Friday, July 09, 2010


"Diyarbakır Prison is not only the wildest chapter of the Kurdish issue, but it is also the wildest face of Sept. 12. It is certain that the horrible incidents encouraged people to join the armed fight. The fury among Kurdish people due to Diyarbakır Prison has long remained one of the most important resources for the PKK."
~ Mithat Sancar, Professor, Ankara University.

While most people will protest Israeli treatment of Palestinian children, including R. Katil Tayyip Erdoğan. In fact, this great and noble defender of children's rights had this to say last year:

I saw with my own eyes young Palestinian children being killed in Gaza.

Yet there has been little or no discussion of Katil Erdoğan's own treatment of Kurdish children--who also happen to be citizens of Turkey--in Western media. Here's something to help make up for the corporate media lap dogs' cover up of the Turkish state's official policy of Kurdish child abuse:

In April of last year--just days before Katil Erdoğan spoke about the killing of Palestinian children at Oxford, as mentioned above--these evil, stone-throwing, juvenile threats to the indivisibility and territorial integrity of the great and democratic Türkiye Cumhuriyeti were visited by a human rights delegation at their new home in the Diyarbakır E-Type prison. Here's what was noticed, among other things:

"Because the children are washing their clothes by hand, they are not clean. The beds are old, dirty and contain several bacteria. The tables are not hygienically clean, and because the children wash their dishes in an unhygienic environment (on the bathroom floor), this brings serious health problems."

There is no prison doctor. According to the manager, a doctor comes once a week, and an ambulance is called for emergencies. In general, children are transferred to hospital "if the gendarmerie is not busy on that day."

The delegation noted that one child had had a detached finger stitched back on, but that the stitches had not been removed for three months. Another child had cuts on his head and hands. He said that they had been stitched six days earlier, but that the wounds had not been bandaged since his detention.

Does this surprise you? It shouldn't. Diyarbakır's prisons have always been notorious and these days it ranks as one of the ten most notorious in the world. This is where the Turkish state puts Kurdish children after charging them with political "crimes".

Fast forward one year later and how do we find these young Kurds? Unsurprisingly, again, as follows:

Juveniles detained in the Diyarbakır E Type Prison who protested against the fact that their sick fellow inmates were not taken to the hospital were all punished for their protest by the prison management. The young prisoners are convicted and imprisoned in the scope of the controversial Anti-Terror Law (TMK).

Özgeder, the Association for Solidarity with Young People Deprived of Freedom, sent a letter to the Directorate for Prisons and Detention Houses within the Ministry of Justice to make an inquiry about the children that participated in the protest action.

No reply for torture inquiry

The letter said, "We were informed that the children were punished heavily and that officials applied physical violence from time to time. We also learnt that they were sent to neighbouring provinces". Özgeder requested according information.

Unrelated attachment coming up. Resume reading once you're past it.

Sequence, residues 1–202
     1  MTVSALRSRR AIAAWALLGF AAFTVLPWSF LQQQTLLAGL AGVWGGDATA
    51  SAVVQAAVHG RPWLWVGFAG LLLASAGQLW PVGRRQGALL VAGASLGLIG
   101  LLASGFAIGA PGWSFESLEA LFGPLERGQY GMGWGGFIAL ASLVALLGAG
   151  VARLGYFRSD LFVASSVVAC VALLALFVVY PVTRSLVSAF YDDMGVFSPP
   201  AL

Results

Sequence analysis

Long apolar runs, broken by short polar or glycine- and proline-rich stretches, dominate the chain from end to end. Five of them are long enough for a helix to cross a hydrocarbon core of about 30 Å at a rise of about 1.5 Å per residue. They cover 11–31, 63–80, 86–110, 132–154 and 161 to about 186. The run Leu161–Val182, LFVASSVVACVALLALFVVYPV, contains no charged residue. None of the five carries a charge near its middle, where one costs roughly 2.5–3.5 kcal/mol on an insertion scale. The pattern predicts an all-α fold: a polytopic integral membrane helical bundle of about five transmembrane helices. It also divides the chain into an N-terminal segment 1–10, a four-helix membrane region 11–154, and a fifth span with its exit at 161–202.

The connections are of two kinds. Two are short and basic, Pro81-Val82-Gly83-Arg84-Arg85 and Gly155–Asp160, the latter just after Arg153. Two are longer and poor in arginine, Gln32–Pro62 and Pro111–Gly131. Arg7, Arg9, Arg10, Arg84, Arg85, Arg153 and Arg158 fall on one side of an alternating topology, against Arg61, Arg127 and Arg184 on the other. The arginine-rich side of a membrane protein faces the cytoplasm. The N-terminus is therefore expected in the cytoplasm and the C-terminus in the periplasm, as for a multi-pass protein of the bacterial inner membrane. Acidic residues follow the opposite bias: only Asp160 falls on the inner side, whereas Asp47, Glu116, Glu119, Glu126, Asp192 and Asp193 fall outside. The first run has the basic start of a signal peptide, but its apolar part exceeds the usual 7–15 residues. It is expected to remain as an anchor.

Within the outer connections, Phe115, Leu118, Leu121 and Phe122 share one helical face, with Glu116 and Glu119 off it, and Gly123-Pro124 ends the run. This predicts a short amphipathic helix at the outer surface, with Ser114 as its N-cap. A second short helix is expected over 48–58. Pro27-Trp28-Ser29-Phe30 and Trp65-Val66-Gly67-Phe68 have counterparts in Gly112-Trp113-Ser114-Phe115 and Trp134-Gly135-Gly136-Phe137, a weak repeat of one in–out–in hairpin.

The Directorate for Prisons and Detention Houses did not respond to the allegations of "torture" in their written reply. The juveniles who had joined the protest were called "criminals". The letter furthermore put forward that they damaged public property.

By protesting prison conditions, these young Kurds are following in the footsteps of Mazlum Doğan, Kemal Pir, M. Hayri Durmuş, and many others who died in Diyarbakır Military Prison in protest of the treatment in the prison and its conditions. For this reason, it has been said that Diyarbakır Military Prison is the birthplace of the PKK.

The Turkish state and the international community had better pay attention and act on behalf of the young Kurds now serving sentences as political prisoners in Diyarbakır and elsewhere in Turkey. Otherwise, this new generation may soon pick up their own matches.


Anonymous said...

Apparently Kurdish is still an "unknown language" in turkish courts too:

Meanwhile, the turkish state started burning down the forests in Kurdistan again.


Mizgîn said...

Well, all this talk about being able to use Kurdish is bullshit anyway. You can't use it "officially". I mean, do you know of anyone who actually talks to "officials" in Turkish-occupied Kurdistan in Kurdish? Babies with Kurdish names can't even get identity cards.

So what's the point of it all anyway? It's all bullshit--all the talk of how everything is so good for Kurds now, how the language can be used, the music can be played, blah, blah, blah. As I see it, the only ones allowed this are the state organs, like TRT-CEHS, or Katil Erdogan.

Same deal with forests. They are always burning forests. Maybe it's time to burn THEIR forests??

Anonymous said...

A miserable car or any other consumer item or a company can register a trademark name, for example, with "x" in it (Lux being one of the most common example). But when it's a child to be named Xalo, then it cannot be done because the letter doesn't exist in Turkish alphabet. Such hypocrisy.

The forest issue is really disturbing as the ministry of forests has announced not too long ago that they won't put off the fires TSK starts because it's done for protecting the state. It's mind boggling though... Why didn't TSK burn the forests in the Blacksea region.

This is what happens when one sits back and asks for justice from the Turkish state. You get burnt.


hiwa said...

keep up the good work Mizgin, nesrewtin ta serkewtin!